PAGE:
The multi-channel/two-channel sound is beyond far as it goes. And that's the problem it does not go deep enough. But perhaps the coup de grâce for me was the organ came up short with respect to ultimate power down low. For example, the last 3 minutes or so of the Concerto includes, a somewhat faint but *very* deep organ passage which is sustained continuously for well over 90 seconds. Because it is sustained it is far easier to gauge than a transient that characterizes the low frequencies in most compositions. On the Telarc recording on several systems I have listened to it that specific passage in the Poulenc seemingly causes a change of barometric pressure in the room much like what I remember happened at the live performance of this concerto I attended. It feels like a small earthquake. But was really spooky was that it seemed that something or someone was sneaking up from behind you in the room (in two channel mind you). I think I once read where this sustained note (on the Telarc recording) was at 23 HZ. The feeling (hearing was not so much an issue) was absolutely missing from the Linn recording even though the organ came across very authentically in other areas. In the Linn recording that note should begin right about 19 minutes, 22 seconds into the Poulenc performance. It never happens.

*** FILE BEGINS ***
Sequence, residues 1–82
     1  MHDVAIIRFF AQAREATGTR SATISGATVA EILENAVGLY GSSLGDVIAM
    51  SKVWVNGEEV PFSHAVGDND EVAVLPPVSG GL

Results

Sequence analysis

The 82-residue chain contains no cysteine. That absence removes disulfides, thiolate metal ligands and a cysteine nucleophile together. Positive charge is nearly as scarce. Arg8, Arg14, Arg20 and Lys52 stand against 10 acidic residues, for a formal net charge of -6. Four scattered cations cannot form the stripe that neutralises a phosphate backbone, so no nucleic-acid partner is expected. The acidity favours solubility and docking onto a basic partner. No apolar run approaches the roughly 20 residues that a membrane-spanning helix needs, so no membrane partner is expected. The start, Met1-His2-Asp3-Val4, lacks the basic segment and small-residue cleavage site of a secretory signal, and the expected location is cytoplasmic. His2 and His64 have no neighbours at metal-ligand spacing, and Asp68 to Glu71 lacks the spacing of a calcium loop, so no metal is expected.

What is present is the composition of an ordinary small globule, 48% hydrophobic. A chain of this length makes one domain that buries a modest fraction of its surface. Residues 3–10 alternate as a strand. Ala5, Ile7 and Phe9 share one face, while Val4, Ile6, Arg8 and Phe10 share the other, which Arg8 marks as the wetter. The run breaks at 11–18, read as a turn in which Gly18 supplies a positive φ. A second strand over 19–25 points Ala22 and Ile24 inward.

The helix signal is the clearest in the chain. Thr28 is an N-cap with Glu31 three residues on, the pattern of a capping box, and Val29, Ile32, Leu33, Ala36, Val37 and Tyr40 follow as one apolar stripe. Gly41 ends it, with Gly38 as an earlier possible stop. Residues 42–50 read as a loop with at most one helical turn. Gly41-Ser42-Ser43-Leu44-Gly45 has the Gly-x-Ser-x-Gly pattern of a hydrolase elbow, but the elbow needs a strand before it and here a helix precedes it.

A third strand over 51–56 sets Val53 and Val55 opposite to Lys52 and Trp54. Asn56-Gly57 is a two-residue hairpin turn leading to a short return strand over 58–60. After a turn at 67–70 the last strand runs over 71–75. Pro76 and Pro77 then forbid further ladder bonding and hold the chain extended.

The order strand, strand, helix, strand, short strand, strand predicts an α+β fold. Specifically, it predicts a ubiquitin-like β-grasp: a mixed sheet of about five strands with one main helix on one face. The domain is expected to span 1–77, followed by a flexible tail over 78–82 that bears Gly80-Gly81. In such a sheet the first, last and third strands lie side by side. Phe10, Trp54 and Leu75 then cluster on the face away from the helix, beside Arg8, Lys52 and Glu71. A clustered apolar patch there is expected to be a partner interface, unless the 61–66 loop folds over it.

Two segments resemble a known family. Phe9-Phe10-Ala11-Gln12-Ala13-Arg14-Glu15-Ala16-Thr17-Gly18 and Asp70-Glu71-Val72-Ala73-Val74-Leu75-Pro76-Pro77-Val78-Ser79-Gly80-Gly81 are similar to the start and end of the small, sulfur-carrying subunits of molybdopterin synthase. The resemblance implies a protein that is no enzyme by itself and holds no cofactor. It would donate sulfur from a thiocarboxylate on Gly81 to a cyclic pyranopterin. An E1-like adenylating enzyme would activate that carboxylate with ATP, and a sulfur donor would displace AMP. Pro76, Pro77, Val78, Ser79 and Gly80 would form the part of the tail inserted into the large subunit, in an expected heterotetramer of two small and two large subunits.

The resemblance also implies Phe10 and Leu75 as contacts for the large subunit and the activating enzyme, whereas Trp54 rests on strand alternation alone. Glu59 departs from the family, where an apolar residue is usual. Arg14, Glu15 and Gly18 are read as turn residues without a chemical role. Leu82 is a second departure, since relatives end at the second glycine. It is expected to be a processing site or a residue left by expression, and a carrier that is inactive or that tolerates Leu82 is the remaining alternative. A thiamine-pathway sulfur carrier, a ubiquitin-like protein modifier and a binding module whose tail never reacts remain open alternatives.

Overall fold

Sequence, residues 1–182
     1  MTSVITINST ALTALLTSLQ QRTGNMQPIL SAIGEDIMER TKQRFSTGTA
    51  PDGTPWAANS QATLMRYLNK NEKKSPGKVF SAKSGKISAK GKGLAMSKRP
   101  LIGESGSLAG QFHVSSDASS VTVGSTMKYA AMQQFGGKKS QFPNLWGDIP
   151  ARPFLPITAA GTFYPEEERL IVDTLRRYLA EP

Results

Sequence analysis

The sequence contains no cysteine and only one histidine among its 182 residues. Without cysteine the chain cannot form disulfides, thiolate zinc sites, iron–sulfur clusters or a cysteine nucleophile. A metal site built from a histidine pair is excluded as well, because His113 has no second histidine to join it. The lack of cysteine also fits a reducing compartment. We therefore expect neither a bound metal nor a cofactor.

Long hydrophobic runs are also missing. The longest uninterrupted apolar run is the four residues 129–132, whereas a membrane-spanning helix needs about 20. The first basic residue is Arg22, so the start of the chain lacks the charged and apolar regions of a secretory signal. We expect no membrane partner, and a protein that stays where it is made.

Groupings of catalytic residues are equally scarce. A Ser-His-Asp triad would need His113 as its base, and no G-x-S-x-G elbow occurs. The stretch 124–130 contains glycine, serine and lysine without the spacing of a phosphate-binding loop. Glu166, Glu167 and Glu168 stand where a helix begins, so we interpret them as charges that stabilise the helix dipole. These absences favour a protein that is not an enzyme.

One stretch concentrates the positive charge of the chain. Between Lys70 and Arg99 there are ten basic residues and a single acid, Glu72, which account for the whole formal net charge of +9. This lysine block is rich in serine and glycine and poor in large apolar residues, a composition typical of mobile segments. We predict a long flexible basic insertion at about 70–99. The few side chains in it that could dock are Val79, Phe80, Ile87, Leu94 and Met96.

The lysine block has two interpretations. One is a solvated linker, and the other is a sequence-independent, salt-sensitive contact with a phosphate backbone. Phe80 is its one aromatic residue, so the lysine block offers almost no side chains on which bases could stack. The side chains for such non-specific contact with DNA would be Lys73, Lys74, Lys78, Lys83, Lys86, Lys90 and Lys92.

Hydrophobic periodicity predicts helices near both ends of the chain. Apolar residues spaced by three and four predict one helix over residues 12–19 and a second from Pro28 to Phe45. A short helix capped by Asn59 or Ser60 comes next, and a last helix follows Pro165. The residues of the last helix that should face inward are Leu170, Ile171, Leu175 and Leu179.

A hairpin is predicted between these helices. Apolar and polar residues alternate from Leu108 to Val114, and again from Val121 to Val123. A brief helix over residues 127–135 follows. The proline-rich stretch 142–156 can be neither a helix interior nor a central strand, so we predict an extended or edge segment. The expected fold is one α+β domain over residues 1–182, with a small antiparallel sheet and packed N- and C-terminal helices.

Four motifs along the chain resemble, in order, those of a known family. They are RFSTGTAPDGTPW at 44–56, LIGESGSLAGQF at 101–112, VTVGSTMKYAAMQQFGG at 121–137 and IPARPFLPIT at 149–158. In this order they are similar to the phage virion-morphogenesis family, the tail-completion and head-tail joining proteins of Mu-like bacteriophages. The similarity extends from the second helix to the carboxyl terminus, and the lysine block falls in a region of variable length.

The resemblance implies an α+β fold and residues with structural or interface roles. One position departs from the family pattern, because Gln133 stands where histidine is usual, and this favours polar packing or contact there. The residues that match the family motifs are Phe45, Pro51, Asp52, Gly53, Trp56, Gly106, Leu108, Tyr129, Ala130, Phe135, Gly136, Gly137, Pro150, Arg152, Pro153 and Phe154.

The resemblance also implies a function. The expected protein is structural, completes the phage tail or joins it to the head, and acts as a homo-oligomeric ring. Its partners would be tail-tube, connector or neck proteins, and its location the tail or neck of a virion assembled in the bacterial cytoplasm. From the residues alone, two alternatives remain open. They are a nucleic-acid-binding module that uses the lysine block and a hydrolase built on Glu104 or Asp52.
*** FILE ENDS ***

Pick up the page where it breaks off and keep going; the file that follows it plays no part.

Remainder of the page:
And that brings to mind about another point. The orchestra for all recordings is the English Chamber Orchestra, but Raymond Leopard conducts my two favorites on this disc, the Barber and the Petit. David Hill conducts the Poulenc.

A couple of the other comments mentioned that in the multi-channel version that "most" of the organ sound comes from the rear channels. I can confirm that this is true for all the recordings here, but with clarification. Most of the "higher registers" of the organ come from the rear (as is intended in the compositions and not unlike you often encounter in the hall or church), but the other 3 channels play a significant role there also. It is important to note that the less audible, but visceral information below 40hz seems to come from the mains and from the center. But to be sure this is a 5-channel (full range) participatory production.

So, my misgivings about the Poulenc not withstanding, this is a wonderful recording. The engineering is superb. So often I have encountered recordings of this genre when the organ completely overwhelms the orchestra. Indeed, a pronounced criticism of the live performance of the Poulenc (and Saint Saens) that I heard in San Francisco was *exactly* that. But in these recordings, even though the organ is full range the strings and other instruments are superbly reproduced.

Highly recommended!

Robert C. Lang